The device was given a public demonstration in May 1904 in Germany and then in June in the Netherlands at a conference of shipping executives. The demonstrations were done behind a curtain to show that it works without direct line of sight. 

The newspapers reported on the event positively. One Dutch newspaper, De Telegraf, made the following prophetic observation “Because, above and underwater metal objects reflect waves, this invention might have significance for future warfare.”

The Telemobiloscope was tested on the Rhine River, but it never saw widespread adoption. 

For several decades, radio detection technology languished. No one really did anything with it. 

Researchers in multiple countries experimented with radio detection, and several prototypes were built. 

The truth was, there wasn’t much of a need for it. Avoiding ship collisions was nice, but it really wasn’t that big of a problem. 

The need for radio detection finally arose in the 1930s. 

During the First World War, the Germans sent zeppelins over Britain on bombing missions. Despite being slow-moving and not doing much damage, the British were unable to intercept them because of the delay in detecting and scrambling aircraft. 

As aircraft technology improved rapidly after the war, the need for some sort of aircraft detection system became necessary.

In 1934, a team at the US Naval Research Laboratory developed a pulsed radio detection system. It was able to detect an airplane over the Potomac River at a range of one mile. It was crude, but it proved the concept, and it was considered the first RADAR system.

Albert Taylor, Leo Young, and Robert Page are credited as being the inventors of RADAR. 

In 1939, the US Navy began using the term RADAR as an acronym for “RAdio Detection And Ranging.”

A ship-based RADAR system was installed on the USS California, a battleship that was sunk at Pearl Harbor.

In Britain, one of the researchers who picked up the challenge was the British scientist Robert Watson-Watt.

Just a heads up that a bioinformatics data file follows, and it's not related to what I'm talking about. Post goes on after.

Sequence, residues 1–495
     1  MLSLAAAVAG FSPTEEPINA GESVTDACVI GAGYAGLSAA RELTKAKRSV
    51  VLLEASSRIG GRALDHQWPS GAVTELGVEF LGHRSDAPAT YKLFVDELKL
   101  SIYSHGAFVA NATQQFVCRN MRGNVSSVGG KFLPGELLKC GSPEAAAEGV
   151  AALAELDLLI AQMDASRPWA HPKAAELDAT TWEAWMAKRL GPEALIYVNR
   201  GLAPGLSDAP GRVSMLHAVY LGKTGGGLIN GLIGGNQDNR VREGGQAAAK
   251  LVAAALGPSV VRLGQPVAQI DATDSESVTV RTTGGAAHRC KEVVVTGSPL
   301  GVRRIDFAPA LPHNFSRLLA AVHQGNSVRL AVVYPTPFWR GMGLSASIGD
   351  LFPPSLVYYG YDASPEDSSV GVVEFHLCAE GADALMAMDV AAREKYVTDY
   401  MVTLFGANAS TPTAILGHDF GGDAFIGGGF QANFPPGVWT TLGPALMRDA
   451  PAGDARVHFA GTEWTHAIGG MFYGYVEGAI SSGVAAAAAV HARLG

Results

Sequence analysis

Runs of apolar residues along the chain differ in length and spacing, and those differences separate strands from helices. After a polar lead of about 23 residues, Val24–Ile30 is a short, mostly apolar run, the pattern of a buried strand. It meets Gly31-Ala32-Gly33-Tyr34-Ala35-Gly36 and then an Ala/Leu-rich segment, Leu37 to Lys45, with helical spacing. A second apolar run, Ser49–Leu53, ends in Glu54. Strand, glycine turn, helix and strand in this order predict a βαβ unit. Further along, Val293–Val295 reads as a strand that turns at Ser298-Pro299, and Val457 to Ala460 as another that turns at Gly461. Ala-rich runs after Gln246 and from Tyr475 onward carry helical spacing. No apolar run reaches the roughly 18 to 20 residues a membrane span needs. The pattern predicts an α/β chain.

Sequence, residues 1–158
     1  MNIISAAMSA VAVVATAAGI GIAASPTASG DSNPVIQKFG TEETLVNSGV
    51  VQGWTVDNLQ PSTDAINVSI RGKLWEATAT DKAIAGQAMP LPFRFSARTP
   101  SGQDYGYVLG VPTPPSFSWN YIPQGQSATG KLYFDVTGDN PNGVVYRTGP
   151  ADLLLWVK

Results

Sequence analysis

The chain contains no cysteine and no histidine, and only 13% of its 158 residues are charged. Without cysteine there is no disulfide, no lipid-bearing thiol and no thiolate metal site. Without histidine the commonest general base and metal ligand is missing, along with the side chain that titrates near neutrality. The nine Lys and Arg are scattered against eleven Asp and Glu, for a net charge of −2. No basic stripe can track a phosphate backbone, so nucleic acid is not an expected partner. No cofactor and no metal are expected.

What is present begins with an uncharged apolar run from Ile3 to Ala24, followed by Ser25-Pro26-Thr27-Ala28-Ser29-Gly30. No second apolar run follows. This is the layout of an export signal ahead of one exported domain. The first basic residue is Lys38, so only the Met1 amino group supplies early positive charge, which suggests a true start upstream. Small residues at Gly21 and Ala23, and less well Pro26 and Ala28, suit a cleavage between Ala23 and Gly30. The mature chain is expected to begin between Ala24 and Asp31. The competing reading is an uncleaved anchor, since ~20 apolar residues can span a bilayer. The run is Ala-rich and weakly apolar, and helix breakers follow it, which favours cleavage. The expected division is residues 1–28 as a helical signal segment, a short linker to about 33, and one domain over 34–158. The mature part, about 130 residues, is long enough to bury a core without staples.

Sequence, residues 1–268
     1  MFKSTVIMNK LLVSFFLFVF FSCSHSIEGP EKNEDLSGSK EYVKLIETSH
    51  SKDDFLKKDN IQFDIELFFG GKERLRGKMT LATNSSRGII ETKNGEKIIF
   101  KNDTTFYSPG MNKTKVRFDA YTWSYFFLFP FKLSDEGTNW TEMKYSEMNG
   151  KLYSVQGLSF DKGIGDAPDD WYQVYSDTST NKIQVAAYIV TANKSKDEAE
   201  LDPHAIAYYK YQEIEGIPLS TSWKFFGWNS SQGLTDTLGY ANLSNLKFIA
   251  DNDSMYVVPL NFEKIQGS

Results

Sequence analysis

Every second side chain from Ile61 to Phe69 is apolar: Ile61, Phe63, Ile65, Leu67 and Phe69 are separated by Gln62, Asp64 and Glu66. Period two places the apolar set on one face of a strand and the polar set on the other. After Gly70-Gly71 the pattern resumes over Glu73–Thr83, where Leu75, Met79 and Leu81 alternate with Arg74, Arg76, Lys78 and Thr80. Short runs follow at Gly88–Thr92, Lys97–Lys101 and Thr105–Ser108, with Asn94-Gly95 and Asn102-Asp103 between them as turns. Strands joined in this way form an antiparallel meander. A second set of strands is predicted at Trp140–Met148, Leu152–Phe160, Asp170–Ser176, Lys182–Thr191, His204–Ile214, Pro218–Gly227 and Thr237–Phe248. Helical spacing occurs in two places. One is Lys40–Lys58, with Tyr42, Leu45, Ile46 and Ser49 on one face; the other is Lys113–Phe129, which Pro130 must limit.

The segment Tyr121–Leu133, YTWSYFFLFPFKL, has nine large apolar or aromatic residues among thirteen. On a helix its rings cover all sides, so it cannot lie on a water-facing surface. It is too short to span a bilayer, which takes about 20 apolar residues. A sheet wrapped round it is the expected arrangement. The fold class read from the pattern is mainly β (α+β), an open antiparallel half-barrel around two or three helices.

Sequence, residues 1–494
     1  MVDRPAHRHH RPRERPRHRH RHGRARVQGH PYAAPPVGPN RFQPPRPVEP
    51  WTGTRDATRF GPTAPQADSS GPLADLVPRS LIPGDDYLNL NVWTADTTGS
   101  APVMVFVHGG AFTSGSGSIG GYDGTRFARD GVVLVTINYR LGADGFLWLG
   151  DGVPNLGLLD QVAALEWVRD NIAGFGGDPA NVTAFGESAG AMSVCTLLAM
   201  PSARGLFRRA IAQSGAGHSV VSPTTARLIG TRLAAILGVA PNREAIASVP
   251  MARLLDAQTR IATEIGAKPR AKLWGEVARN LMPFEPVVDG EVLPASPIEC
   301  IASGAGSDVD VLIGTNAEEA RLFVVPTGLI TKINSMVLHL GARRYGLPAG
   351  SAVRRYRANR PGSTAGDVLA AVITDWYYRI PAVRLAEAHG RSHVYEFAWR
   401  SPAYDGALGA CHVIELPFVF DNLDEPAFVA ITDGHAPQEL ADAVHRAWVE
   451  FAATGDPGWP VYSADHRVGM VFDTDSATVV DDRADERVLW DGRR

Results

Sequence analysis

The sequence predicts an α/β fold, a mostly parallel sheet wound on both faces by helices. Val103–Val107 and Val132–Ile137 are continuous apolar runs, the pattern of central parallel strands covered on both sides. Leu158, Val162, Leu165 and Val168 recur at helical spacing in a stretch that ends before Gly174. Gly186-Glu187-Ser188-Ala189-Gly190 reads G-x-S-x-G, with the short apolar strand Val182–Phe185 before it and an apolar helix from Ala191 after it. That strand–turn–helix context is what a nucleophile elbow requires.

Watson-Watt had previously worked on the detection of distant thunderstorms using radio. In the 1920s, he developed a system called high-frequency direction finding or HFDF, also known as “huff-duff.”

Huff-duff was used in the detection of u-boats extensively during WWII. 

Watson-Watt figured this technology could be used to detect aircraft. On February 26, 1935, he and the Royal Air Force conducted the Daventry Experiment. 

The Daventry Experiment used a shortwave transmitter owned by the BBC and a radio receiver to detect a bomber that was flying around at a distance of eight miles. 

The experiment was considered a success and, in 1938, led to the creation of a system of radio location stations located on the coast of England known as the Chain Home system. The Chain Home system could detect German aircraft 99 miles or 160 kilometers away. 

The Chain Home system proved invaluable in the Battle of Britain in 1940. The British were able to detect incoming German planes and could scramble to intercept them while they were still over France. Without the Chain Holm system, it is likely the Germans would have won the Battle of Britain.

The US and the UK didn’t share their RADAR technology in the run-up to the war. It wasn’t until the war started that there was a wider exchange of technology.